Saturday, July 21, 2012

Alaskan Lawn Mower Update

That's "Oddball" out front thinking he can herd the goats!
Crooked Goat Grazing
Now I never said that the Alaskan Goat Mower would cut and trim your lawn in a neat and orderly fashion. I never said you could play golf on the turf when the critters were finished grazing. I did lay claim to the fact that you could cut down on your feed bill and keep the goats from eating all the stuff that you want to keep them away from. The goats have actually learned to push the Alaskan Goat Mower with their head when they want to munch on some new grass!

Other Henry Milker "Goat Shorts" you may be interested in reading. 
Alaskan Lawn Mower

Saturday, July 7, 2012

Alaskan Lawn Mower

The Henry Milker Mower
   It is so hard to put the goats in the backyard and get 'em to eat what you want them to eat. When left to run free, my goats go to my wife's prized hedge, the shrubs my mother-in-law planted in the backyard then to the house-wood siding near  Phoebe's bedroom. Now they are contained.
   When the goats jump on the gate side of the rolling pasture it moves just a bit to give them some more tasty grass (and dandelions) to eat.
   The plans for this goat feeder have not been put together yet but I would be pleased to answer any questions that you may have. Just send me an email.

Other Henry Milker "Goat Shorts" you may be interested in reading. 

Friday, July 6, 2012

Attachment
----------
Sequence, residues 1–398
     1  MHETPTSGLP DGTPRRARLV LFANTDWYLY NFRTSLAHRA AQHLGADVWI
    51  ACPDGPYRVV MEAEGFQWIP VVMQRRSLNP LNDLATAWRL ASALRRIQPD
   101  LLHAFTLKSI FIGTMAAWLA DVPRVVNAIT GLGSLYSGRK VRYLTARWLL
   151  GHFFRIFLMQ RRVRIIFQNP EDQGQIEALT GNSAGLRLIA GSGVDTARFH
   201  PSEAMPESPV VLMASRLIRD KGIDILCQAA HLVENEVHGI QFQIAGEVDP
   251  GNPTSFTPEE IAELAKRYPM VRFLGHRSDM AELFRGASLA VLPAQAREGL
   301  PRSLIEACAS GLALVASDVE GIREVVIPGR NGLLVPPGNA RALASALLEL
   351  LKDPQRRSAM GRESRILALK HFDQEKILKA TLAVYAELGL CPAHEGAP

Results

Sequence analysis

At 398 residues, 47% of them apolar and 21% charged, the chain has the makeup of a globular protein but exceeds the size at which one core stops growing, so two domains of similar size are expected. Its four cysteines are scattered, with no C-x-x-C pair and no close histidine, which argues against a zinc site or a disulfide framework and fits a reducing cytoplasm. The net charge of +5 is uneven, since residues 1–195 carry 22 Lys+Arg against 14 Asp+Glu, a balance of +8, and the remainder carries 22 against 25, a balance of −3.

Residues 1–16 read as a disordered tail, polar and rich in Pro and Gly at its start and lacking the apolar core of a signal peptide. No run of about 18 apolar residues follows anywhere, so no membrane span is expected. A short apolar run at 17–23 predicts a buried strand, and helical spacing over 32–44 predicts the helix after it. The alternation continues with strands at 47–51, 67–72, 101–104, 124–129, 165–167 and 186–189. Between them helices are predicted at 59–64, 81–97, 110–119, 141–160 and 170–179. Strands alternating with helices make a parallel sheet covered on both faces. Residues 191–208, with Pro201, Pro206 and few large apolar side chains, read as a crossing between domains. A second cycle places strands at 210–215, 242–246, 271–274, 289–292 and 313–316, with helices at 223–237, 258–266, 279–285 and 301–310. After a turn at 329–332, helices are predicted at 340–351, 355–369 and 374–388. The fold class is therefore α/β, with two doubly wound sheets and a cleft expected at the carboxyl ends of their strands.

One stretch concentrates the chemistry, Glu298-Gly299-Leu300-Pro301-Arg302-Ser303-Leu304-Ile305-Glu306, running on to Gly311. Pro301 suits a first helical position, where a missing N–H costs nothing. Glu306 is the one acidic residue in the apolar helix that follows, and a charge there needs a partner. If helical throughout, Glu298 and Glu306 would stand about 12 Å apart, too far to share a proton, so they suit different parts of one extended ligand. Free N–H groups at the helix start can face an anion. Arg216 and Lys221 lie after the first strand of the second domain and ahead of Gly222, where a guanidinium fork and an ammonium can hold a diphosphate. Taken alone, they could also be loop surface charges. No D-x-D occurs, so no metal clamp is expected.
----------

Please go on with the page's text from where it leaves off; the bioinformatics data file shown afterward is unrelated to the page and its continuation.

How To build A Feed Scoop

Easy To Build Feed Scoop

I think I own more feed scoops than anyone. They are like my reading glasses; I can never find one when I need it. I tried making one of these feed scoops and it is as easy as it looks. Start saving those plastic jugs and putting them to good use. I have a giant list of friends and family who will be getting one of these for Christmas. I think I'll start with the first homemade gift going to my mother-in-law. I think I'll build her a dust pan.

Other Henry Milker "Goat Shorts" you may be interested in reading.
How To Build a Hanging Hay Feeder
Goat Feeding Schedule and Good Health
Don't throw it, feed it!
Hay an Important Roughage For Your Goat 

Goat Feeders - Start Having FUN - No Hassle

How to Dehorn a Goat

Dehorning with Elastrator Bands

Let me start by saying that I believe all goats should be disbudded at a very young age to avoid the eventual chore of having to remove the actual horns. This young goat did not get disbudded as a kid and needs to have his horns removed to avoid injury to others. 

There is more than one way to remove a goat's horns. I favor using bands and not just cutting them off with a saw or a dehorning tool. Whatever method you use to complete the task it is important to secure the goat, a milk stand works great. 

When using elastrator bands (also used for castration) it is critical that you cut a groove in the horn for the band to stay put. A saw or file can be used but I much prefer the "wire saw".  The groove does not have to surround the entire horn but  should be ample to hold the band from not slipping off. An emasculation tool makes the job much easier to get the band over the horn and down close to the groove you cut. Once the band is on the horn, it's easily rolled down to fit snug into the groove.

The last step is to protect the band from being rubbed off by the goat. Using brightly colored tape will allow you check to see each day to insure that everything is still in place. If one of the bands gets knocked off just put another on and re-tape.

The band is cutting off the blood supply to the horn and will eventually cause the horns to fall off. As the horns begin to fall off, do not attempt to help, just let the process work.

Other information on dehorning.